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IBM Declares 2011 "Year of the Security Breach"

If you're wondering when malware will become a real problem for mobile devices, your wait is over. So says Tom Cross, manager of Threat Intelligence and Strategy for IBM X-Force.

According to IBM's new X-Force 2011 Mid-Year Trend and Risk Report, Big Blue predicts that by the end of 2011, the number of exploits will be double what they were in 2010. A key target: mobile devices.

The X-Force team says many mobile phone vendors don't issue security updates quickly enough. Mobile devices are an increasingly popular target simply because of the incredible size of the market, and the team notes that mobile computing threats are enabled, in part, though malware distributed using third-party app sites. Some of this malware collects users’ personal information which can be used for identity theft or for phishing attacks. Other malware can spy on users' personal communications or track physical movements using GPS features built in to their devices.

Speaking of phishing, the report uses a term new to me -- whaling -- to describe "a type of spear phishing which targets 'big fish' or those positioned in high levels of an organization with access to critical data." Forget sending messages to everyone hoping to play the law of averages to be successful. Whaling attacks are "often launched after careful study of a person's online profiles" that give attackers the information they need to be successful. Through a combination of "stealth, sophisticated technical capabilities, and careful planning," teams of professional hackers are collecting the information they need to access critical network resources.

There are some bright spots in the X-Force report. For instance, in the first half of this year, Web application vulnerabilities dropped from 49 percent of all vulnerability disclosures to just 37 percent -- a first in the five years the team has been tracking such data. Also encouraging: "High and critical vulnerabilities in Web browsers were also at their lowest point since 2007" and spam volume has declined "significantly" through the first half of this year. To no one's surprise, when botnet operators are stopped, the number of spam messages drops and phishing attacks decline.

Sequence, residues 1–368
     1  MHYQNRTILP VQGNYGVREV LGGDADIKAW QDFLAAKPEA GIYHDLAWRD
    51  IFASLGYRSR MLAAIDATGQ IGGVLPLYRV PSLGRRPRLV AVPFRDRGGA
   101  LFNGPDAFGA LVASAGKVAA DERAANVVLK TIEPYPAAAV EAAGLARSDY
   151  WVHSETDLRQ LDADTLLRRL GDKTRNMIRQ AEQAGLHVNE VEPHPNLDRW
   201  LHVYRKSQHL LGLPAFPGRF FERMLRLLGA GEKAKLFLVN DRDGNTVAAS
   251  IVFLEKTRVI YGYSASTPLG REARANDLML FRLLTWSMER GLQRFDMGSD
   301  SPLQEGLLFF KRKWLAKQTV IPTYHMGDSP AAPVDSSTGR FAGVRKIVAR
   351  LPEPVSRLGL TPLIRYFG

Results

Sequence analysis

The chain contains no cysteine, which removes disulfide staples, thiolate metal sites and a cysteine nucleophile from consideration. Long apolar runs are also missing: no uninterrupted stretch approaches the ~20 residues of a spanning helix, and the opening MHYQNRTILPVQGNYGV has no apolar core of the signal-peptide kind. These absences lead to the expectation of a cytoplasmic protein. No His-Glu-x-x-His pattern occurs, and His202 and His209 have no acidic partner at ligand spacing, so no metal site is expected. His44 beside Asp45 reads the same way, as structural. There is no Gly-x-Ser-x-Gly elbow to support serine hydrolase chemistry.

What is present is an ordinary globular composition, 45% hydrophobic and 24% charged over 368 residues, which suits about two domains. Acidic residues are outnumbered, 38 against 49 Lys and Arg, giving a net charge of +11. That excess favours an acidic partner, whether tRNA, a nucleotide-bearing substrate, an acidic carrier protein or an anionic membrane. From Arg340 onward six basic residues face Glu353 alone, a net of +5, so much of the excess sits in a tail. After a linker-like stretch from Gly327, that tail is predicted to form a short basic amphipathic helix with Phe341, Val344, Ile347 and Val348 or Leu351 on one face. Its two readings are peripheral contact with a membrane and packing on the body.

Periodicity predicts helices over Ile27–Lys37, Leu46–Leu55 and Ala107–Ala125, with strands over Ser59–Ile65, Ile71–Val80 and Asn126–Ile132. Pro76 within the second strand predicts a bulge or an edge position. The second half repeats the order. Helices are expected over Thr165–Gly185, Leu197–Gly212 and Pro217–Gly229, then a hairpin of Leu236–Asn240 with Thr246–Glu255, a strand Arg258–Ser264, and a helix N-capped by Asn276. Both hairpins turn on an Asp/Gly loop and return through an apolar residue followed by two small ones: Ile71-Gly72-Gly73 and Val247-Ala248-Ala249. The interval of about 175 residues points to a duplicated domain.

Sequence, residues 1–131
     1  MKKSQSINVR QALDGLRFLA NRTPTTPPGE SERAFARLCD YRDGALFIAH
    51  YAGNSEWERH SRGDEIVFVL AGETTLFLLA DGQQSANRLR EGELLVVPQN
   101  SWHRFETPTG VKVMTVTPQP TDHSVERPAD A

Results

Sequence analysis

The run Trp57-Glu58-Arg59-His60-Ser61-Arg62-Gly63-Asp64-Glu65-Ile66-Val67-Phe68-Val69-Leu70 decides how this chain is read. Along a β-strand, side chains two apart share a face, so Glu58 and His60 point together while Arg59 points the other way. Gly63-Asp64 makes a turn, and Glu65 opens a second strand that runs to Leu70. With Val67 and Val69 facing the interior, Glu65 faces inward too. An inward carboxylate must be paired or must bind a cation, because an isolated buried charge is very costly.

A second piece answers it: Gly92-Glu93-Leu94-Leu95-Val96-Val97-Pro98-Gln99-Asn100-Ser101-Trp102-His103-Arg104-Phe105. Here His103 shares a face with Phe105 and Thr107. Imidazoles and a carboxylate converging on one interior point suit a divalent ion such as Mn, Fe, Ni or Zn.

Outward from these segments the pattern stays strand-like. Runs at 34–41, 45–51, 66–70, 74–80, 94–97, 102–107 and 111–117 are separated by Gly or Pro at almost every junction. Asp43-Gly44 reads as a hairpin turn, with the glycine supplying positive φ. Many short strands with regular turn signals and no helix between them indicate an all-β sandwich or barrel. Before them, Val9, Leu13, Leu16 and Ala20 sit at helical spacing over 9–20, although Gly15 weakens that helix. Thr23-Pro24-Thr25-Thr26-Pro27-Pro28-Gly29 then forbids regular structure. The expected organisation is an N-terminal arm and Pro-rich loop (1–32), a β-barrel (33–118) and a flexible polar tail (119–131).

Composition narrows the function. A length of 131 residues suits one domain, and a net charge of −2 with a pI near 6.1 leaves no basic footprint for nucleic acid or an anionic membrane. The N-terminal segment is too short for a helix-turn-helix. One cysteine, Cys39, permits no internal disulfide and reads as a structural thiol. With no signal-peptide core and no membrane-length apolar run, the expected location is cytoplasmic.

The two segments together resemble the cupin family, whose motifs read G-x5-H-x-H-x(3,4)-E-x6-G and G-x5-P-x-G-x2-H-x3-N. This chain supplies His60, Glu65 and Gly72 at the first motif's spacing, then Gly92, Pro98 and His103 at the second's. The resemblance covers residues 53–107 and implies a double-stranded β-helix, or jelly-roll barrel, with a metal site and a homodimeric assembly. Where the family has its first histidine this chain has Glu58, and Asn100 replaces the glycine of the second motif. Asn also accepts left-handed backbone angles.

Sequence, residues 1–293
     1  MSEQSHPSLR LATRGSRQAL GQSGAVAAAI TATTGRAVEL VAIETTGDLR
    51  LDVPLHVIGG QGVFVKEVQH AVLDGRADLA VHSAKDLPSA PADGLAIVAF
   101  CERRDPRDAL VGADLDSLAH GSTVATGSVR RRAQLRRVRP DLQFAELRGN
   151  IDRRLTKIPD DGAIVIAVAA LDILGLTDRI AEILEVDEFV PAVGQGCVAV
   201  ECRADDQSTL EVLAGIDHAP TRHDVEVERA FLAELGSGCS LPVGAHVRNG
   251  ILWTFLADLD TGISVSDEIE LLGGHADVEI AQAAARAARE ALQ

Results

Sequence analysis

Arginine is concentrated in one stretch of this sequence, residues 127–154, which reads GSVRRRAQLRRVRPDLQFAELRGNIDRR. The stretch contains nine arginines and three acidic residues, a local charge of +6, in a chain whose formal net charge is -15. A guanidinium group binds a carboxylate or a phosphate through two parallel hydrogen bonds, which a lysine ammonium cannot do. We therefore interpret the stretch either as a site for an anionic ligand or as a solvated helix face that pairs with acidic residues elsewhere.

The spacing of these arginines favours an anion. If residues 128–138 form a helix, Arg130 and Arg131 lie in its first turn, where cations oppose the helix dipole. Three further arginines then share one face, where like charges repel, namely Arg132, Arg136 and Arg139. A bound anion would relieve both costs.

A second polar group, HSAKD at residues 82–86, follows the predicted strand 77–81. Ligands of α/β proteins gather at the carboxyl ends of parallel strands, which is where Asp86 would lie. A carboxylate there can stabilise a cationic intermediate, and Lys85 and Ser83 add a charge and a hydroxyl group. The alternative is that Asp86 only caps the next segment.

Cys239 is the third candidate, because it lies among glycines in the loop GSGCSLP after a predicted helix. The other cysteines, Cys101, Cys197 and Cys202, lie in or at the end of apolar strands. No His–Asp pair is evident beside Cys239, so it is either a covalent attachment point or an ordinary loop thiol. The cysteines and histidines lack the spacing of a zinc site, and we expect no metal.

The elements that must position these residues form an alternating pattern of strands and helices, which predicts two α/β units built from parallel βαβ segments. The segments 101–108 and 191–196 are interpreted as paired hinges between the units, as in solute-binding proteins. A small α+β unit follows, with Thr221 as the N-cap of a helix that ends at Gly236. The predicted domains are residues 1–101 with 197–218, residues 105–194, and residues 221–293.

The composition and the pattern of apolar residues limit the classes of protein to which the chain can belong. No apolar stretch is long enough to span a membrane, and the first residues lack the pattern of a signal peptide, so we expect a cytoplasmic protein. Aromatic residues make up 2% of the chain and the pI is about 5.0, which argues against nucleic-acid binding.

The biggest source of spam has moved to the Asia Pacific region; India accounts for 10 percent of all spam, with South Korea and Indonesia making it into the top five as well. That explains why IBM has opened a new IBM Institute for Advanced Security in the region (joining existing Institutes in Brussels, Belgium and Washington, D.C.).

Financial gain is a key driver, but increasingly attacks are done for political reasons. The X-Force team says "hacktivist" groups are using well-known techniques such as SQL injection against Web sites. Also highlighted in the report: a tripling in the number of anonymous proxies in the last three years.

What isn't new: some of the techniques hackers use. For example, attacks on weak passwords are still a popular approach, as are SQL Injection attacks. Exploitation of JavaScript is still successful; of the nearly 700 Web sites of Fortune 500 and other company sites IBM tested, 40 percent contain client-side JavaScript vulnerabilities.

The report warns that "Although we understand how to defend against many of these attacks on a technical level, organizations don't always have the cross-company operational practices in place to protect themselves."

As the "eyes and ears of thousands of IBM clients", the X-Force team gathers security intelligence using public disclosures and its own monitoring of 12 billion daily security events. The full report is available at no cost here (though a short registration is required).

-- James E. Powell
Editorial Director, ESJ

Posted by Jim Powell on 10/03/2011 at 11:53 AM